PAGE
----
Five things to consider before launching, expanding, or testing elements of behavioral targeting.
There's no question that the identification of behaviors and insights are leading the cause when it comes to consumer engagement (with a greater degree of relevancy based on their preferences and interests). With consumers spending more time than ever online, it is evident advertisers have a better sense of their passion points, intended purchases, and even grievances against brands, specifically down to the cookie level.
This level of data available is subsequently enabling brands to target much more granularly. According to eMarketer, 97 percent of advertisers and agencies said they would be using some form of audience targeting in 2011, and nearly half (47 percent) said it would account for the majority of their online advertising spending (PubMatic and DIGIDAY, "Publisher Trends: Brand + Audience," March 2011). When looking at specific type of audience targeting, behavioral is used by 83 percent of U.S. advertisers (a tie for first to demographic).
While behavioral targeting may be considered "old tricks" to some, below are a few things to consider before launching, expanding, or testing elements of behavioral targeting:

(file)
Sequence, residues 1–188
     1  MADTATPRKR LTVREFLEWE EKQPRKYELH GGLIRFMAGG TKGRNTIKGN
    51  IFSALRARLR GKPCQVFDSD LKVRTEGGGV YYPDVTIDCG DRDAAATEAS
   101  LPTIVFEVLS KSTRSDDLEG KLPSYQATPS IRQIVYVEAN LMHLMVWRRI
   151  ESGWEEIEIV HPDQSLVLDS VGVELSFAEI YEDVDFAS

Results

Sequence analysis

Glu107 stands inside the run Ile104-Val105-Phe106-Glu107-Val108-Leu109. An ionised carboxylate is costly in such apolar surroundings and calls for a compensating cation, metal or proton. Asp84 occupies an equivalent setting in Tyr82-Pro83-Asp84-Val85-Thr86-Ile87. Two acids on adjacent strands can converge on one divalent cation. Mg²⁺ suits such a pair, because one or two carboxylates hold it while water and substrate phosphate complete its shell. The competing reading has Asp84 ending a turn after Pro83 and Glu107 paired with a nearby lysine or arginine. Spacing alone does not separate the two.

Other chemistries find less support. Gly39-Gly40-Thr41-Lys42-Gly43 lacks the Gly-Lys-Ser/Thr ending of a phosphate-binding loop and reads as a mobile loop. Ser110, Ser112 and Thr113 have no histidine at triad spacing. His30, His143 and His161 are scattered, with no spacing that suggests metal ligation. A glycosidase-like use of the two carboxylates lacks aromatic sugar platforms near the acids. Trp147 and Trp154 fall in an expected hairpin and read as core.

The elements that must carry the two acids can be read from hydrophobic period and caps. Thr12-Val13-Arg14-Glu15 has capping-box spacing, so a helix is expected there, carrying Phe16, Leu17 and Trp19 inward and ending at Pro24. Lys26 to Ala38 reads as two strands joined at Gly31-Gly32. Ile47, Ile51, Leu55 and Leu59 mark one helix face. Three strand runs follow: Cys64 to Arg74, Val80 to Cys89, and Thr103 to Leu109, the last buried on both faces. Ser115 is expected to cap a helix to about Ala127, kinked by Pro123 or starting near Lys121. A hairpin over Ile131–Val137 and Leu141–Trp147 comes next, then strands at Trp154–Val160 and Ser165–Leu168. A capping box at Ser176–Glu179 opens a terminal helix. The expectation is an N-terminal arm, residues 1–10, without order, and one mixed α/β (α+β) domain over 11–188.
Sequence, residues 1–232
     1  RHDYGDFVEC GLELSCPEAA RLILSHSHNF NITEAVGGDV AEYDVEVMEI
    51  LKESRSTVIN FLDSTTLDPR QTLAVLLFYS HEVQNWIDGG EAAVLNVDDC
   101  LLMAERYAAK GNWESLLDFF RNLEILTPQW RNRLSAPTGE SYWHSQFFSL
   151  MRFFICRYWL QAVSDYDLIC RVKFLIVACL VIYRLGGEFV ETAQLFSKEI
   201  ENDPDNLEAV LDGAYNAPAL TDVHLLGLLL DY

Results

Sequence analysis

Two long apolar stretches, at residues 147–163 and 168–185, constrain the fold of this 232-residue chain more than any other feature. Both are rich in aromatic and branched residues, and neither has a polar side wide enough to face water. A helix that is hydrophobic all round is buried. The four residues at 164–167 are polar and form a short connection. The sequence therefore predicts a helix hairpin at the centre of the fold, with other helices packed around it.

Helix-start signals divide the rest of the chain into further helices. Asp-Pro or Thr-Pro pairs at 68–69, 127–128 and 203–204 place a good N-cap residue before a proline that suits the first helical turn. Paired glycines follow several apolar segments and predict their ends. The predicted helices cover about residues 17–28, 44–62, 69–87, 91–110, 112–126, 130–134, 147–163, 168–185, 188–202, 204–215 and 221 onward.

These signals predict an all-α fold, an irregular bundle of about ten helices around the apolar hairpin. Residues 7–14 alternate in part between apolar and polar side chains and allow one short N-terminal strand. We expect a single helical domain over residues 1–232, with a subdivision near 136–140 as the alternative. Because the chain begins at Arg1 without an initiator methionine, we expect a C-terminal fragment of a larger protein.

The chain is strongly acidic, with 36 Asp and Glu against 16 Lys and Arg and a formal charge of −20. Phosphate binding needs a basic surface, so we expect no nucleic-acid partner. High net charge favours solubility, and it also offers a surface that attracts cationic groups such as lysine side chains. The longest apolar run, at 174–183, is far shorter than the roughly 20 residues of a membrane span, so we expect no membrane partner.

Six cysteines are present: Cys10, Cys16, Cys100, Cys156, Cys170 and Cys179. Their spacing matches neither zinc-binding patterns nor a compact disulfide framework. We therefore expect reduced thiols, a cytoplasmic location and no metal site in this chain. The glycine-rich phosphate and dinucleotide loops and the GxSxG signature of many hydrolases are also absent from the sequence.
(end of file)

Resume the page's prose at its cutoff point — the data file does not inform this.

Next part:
I could continue the list, but I'd like to know other tactics you're taking. Like all online advertising efforts, behavioral retargeting is a balanced mix of planning and preparation prior to campaign launch, as optimizing, refining, and testing as you continue to ensure performance is maximized. The ever-moving target changes as fast as a consumers' behavior online.
Amy is off today. This column was originally published May 11, 2011.
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As senior media director for the Razorfish Atlanta office, Amy brings more than 15 years of media expertise that spans across both traditional and digital media. Often noted for her passion of media and dedication to finding the right solution, Amy ensures clients business objectives translate into targeted, measurable, and successful initiatives. Although her skill set is vast, her greatest expertise centers in the worlds of media research, strategic media planning, interactive planning and buying, social media, analytics, and search engine marketing. Amy has worked with world-class organizations such as AT&T, The Coca-Cola Company, Pleasant Holidays, Clarins, Disney, Equifax, and Loews Hotels to name a few. Aside from her work at the agency, Amy has been a regular columnist for ClickZ's "Data Driven Marketing" vertical for the past five years and has been a contributor to notable industry media including Adotas, Media Post, The New York Times Online, and the IAB. Amy holds a double major in Marketing and Speech and Communications from Clemson University.
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